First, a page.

Angle of Repose
Wallace Stegner, 1971
Penguin Group USA
Angle of Repose tells the story of Lyman Ward, a retired professor of history and author of books about the Western frontier, who returns to his ancestral home of Grass Valley, California, in the Sierra Nevada. Wheelchair-bound with a crippling bone disease and dependent on others for his every need, Ward is nonetheless embarking on a search of monumental proportions—to rediscover his grandmother, now long dead, who made her own journey to Grass Valley nearly a hundred years earlier. Like other great quests in literature, Lyman Ward's investigation leads him deep into the dark shadows of his own life.
Wallace Stegner has said of his epic novel, "It's perfectly clear that if every writer is born to write one story, that's my story." It is a testament to the power of Stegner's prose and vision that Angle of Repose, winner of the 1972 Pulitzer Prize for fiction, can be appreciated as America's story as well. Based on the correspondence of the little-known 19th century writer, Mary Hallock Foote, the novel's heroes represent opposing but equally strong strains of the American ideal.
Susan Burling Ward is refined, educated, and strong-willed. Her husband, Oliver, is a handsome adventurer of cruder habits, who brings a pistol when he comes courting, yet who is humbled in the presence of Susan's sophistication. As we follow Susan on her first journey across the young country—"not to join a new society but to endure it"—we experience the West through the eyes of a true easterner, horrified at the lack of culture, the quickly fabricated cities, the dust, dirt and heat. Susan eventually finds herself able to appreciate the raw beauty of her new surroundings, and is even successful in building comfortable homes for her family. Yet throughout her married life she defines herself through her east coast roots, debating Oliver's worthiness as a husband and provider, and assessing what she has given up in exchange for a life of adventure and uncertainty.
In Susan and Oliver's numerous disappointments and incidents of misfortune we find Stegner exposing the myth of America's west as a land of golden opportunity and fearless cowboys. It is a theme we find in many of his novels, along with a passionate appreciation of the western landscape. Indeed, Stegner's most magnificent writing can be found in his descriptions of the mountain peaks, deep canyons, winding ravines, and vast stretches of plain and prairie. The terrain becomes a character in its own right, deserving of fear and respect, forcing its will on the people who carve their homes out of its resistant rock and soil. But we must not label Stegner merely a regional writer. To do so would overlook his technical brilliance, which shines through in this novel in his choice of narrator: retired historian Lyman Ward, whose degenerative bone disease has confined him to a wheelchair and left him unable to move his head from side to side. Lyman's literal tunnel vision elucidates the figurative—as an historian he looks to the past, and as a disillusioned husband and father, he finds solace in it. But, as he discovers in the course of researching his grandmother's biography, even he cannot escape the present and some measure of self-examination.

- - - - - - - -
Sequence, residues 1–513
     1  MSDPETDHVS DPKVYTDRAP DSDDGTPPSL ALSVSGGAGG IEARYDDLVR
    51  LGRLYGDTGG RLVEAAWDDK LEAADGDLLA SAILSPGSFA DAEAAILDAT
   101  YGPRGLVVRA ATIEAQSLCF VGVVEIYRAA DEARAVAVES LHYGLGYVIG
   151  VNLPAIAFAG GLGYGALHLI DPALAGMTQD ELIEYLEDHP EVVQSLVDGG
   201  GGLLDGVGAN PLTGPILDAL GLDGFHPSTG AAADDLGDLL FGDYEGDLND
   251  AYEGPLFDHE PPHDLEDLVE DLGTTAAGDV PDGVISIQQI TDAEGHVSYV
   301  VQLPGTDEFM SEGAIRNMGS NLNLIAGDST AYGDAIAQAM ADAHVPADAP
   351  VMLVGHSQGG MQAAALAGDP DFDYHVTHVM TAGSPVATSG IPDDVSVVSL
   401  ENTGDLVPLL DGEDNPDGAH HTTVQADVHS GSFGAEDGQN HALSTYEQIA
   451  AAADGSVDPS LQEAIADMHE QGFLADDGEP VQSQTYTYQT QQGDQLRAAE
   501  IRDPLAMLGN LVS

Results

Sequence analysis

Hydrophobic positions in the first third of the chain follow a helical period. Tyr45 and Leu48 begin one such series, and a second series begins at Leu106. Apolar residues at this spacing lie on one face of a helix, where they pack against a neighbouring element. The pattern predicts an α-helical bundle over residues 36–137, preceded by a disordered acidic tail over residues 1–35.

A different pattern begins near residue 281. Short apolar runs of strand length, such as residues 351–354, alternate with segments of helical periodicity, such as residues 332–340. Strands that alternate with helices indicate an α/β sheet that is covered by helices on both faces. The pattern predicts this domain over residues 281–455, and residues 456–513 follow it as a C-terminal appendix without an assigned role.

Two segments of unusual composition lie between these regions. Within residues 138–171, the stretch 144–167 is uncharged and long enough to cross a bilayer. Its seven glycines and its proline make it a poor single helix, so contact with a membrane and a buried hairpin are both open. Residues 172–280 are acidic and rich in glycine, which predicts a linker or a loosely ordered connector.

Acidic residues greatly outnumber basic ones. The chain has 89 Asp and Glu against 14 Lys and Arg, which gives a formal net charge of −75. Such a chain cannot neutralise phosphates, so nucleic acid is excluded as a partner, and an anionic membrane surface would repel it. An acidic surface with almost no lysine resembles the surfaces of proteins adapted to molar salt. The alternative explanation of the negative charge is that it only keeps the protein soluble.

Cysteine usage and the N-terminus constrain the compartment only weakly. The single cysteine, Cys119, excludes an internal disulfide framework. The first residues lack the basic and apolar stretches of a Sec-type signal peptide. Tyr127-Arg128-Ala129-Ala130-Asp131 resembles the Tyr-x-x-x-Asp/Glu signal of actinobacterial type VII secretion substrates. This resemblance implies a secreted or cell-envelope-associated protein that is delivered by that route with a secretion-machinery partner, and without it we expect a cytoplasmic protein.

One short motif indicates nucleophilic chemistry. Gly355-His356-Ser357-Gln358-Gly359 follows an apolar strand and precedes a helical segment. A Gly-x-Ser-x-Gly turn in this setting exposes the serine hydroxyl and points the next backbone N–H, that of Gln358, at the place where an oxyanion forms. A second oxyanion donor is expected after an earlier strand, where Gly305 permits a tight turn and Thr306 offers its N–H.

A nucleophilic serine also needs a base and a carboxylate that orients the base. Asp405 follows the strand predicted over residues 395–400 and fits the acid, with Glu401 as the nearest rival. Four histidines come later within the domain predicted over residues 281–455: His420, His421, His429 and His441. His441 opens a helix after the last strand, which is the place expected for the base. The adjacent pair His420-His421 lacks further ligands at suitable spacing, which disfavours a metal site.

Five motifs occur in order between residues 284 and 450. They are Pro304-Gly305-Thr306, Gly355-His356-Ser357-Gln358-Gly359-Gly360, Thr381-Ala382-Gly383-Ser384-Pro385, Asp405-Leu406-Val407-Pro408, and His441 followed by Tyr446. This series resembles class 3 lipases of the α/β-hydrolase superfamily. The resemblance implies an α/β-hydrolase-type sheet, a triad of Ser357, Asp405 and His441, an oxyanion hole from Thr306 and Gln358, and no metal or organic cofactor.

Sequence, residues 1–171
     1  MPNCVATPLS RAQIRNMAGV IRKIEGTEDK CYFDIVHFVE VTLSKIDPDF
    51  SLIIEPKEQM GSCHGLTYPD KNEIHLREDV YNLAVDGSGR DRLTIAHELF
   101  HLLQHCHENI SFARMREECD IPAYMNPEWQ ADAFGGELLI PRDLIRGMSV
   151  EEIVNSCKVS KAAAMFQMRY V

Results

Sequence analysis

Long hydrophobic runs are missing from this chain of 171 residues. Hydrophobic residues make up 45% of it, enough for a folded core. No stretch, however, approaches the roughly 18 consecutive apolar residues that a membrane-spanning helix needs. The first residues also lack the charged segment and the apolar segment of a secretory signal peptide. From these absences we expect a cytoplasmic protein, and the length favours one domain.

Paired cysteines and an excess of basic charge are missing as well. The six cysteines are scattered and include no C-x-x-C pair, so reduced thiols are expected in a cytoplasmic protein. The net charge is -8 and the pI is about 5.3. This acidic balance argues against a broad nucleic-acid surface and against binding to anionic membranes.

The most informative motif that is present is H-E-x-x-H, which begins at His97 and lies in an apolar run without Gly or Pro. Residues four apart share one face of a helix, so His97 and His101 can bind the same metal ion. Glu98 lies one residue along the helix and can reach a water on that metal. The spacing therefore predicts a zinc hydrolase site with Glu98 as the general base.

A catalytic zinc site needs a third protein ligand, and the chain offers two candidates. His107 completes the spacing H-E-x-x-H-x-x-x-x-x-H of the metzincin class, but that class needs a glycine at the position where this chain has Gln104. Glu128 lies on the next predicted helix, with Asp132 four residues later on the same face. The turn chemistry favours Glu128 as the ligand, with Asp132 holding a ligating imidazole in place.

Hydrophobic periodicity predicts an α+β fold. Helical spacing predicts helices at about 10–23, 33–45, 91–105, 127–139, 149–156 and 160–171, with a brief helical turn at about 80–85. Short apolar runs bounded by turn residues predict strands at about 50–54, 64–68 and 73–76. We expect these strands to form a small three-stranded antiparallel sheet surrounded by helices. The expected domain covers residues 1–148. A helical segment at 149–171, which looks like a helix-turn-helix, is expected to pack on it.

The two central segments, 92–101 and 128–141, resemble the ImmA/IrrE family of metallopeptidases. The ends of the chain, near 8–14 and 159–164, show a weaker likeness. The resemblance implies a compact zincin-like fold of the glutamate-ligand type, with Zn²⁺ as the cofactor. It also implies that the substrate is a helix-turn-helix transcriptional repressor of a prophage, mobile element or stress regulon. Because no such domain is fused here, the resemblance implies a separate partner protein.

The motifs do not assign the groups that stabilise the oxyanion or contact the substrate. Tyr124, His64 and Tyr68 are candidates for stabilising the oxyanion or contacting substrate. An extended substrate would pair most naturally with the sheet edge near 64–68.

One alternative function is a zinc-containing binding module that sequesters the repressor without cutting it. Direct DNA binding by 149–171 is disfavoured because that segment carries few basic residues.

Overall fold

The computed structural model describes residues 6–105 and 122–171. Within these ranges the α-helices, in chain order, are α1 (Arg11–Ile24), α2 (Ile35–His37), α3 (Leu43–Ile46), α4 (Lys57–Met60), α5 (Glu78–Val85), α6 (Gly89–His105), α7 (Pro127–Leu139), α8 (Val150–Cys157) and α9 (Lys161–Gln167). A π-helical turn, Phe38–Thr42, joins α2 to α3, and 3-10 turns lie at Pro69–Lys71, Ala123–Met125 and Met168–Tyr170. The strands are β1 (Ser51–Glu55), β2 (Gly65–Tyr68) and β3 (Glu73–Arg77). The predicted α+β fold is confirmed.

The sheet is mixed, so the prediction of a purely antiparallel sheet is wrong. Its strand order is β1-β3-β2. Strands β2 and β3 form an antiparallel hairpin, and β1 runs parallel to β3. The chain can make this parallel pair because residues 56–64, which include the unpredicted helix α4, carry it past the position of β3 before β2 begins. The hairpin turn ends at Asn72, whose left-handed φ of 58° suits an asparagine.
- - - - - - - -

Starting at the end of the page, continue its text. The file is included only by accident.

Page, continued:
Without Lyman's narrative input, Susan Burling Ward's story would have flattened into epic melodrama; his perspective broadens the novel's scope, and enables us to draw parallels between Susan's life and his own, between her century and ours. Although the term 'angle of repose' refers to a resting point, Stegner's novel, if nothing else, helps us recognize America as a nation in constant flux, engaged in incessant struggle between east and west, between young and old, between myth and reality, between reaching for one's dreams, and settling for less.
Angle of Repose was written during a time of tremendous political and social upheaval in America, and Lyman's frequent reflections on the era create much of the tension in the novel. Yet some twenty years after its publication the character's personal histories continue to be relevant and edifying. They are America's stories, part of her past and present—undoubtedly part of her future. (From the publisher.)
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